To check your permissions, go to the Resources tab and right-click the name of your Group, and then choose Properties from the menu. Click on the Roles tab and you can view the permissions set for your role within your group.
You can contact your ME with queries about Archie in the first instance. If you have a technical problem or a suggestion for improving Archie, your should use the forms available through ‘Help > Feedback > Report a problem’ or ‘Help > Feedback > Suggest a change’ within Archie. If your query is general, you can contact: email@example.com
Round up from the mailing list...
A couple of items from the mailing list that we’ve highlighted…
Maria-Inti Metzendorf posted to the list that contrary to the information currently in the Ovid field guide for MEDLINE, stop words have not been eliminated. Cochrane Information Specialists should be aware that the words AND, AS, BY, FOR, FROM, IN, IS, OF, ON, THAT, THE, THIS, TO, WAS, WERE and WITH are ignored by the Ovid search engine. For example, a search for: at risk for diabetes.ti will also find: at risk of diabetes. The distance of one word in between is kept, but the stopword “for” is ignored.
Is Google Scholar enough?
A recent article from the Systematic Reviews journal was sent to the list by Sam Faulkner (courtesy of Anne Eisinga). It compares coverage and recall in Google Scholar to MEDLINE and Embase, and concludes that Google Scholar is not enough on its own to support systematic review searching. Read it in full: Bramer WM, Giustini D, Kramer BMR. Comparing the coverage, recall and precision of searches for 120 systematic reviews in Embase, MEDLINE and Google Scholar: a prospective study. Systematic Reviews 2016;5:39. DOI 10.1186/s13643-016-0215-7. Available from: http://www.systematicreviewsjournal.com/content/pdf/s13643-016-0215-7.pdf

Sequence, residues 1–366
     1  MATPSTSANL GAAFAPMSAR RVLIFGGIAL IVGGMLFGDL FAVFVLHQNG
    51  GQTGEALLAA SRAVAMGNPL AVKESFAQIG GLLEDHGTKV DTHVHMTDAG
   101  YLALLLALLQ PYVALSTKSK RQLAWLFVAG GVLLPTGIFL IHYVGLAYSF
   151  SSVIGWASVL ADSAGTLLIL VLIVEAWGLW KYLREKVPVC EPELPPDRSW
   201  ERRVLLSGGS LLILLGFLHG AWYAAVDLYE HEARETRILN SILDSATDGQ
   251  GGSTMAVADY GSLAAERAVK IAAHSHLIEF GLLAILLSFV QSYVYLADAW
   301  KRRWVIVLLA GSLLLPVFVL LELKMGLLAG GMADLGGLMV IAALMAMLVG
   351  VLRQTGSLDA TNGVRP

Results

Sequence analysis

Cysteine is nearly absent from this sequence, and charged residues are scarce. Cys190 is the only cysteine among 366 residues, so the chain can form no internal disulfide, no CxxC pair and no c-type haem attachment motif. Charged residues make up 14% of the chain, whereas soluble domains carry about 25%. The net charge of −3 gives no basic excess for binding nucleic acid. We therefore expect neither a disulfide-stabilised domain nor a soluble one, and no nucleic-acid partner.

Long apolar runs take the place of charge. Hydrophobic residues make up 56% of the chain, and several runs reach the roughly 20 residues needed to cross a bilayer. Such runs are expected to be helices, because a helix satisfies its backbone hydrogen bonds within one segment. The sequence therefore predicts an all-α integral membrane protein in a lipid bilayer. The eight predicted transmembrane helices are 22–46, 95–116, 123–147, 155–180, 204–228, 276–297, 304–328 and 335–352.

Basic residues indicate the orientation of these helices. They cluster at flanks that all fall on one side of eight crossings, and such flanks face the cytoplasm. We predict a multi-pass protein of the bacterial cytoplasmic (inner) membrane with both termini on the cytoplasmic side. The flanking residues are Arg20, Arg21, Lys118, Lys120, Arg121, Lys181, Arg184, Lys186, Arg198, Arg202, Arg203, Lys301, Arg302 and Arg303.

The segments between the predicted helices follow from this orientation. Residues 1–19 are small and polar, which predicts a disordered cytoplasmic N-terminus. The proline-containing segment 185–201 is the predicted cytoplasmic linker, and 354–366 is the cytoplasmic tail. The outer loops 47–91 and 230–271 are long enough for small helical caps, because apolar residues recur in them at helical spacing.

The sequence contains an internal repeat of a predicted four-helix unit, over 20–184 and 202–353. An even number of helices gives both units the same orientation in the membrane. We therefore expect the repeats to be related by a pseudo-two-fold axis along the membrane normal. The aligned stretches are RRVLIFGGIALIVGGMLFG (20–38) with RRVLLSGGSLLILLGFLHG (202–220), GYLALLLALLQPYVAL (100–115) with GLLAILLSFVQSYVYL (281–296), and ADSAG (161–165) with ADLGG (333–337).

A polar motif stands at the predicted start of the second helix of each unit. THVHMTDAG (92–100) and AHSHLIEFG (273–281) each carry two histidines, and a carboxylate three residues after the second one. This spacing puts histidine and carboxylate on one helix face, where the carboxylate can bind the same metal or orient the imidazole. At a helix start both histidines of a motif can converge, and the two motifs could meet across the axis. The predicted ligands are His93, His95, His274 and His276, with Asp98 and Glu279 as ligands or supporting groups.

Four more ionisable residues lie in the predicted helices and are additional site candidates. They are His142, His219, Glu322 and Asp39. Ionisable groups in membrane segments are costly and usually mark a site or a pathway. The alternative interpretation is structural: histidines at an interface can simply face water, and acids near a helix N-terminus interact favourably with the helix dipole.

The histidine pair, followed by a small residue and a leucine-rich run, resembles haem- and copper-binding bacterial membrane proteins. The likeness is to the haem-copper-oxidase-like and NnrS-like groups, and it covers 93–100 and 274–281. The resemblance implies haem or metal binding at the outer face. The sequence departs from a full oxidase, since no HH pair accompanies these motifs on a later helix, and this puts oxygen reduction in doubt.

Checking your Archie Roles
As the job title of TSCs has changed to Cochrane Information Specialists, this might be a good time to double check that people who are designated as TSC/Assistant TSC in Archie are still in the role in your group. To do this, go to your group in Archie, click "People" and then the roles TSC and Assistant TSC. Your Group's super user (normally your ME) can help you make any changes.
The Support Team presented a report on their activities at the Cochrane Information Specialist Meeting at the Cochrane UK and Ireland Symposium. You can read the full report here. As well as looking at what we did in 2015, we outline some of our plans for 2016. These include gathering and making available best practice templates, facilitating four text mining webinars, converting the old TSC Guide to a web-based format and supporting the rollout for CRS Web. We will continue to answer your questions via our helpdesk and provide training and mentoring to new Information Specialists within Cochrane.
Don't forget, previous editions of the Cochrane Information Specialist Support Team digest are available on the TSC Portal (Archie login required)
Contact the Support Team for help with any Cochrane Information Specialist related issue (including CRS technical support): firstname.lastname@example.org
The Cochrane Information Specialist Support Team:
Liz Doney I Sam Faulkner I Ruth Foxlee
Anne Littlewood I Doug Salzwedel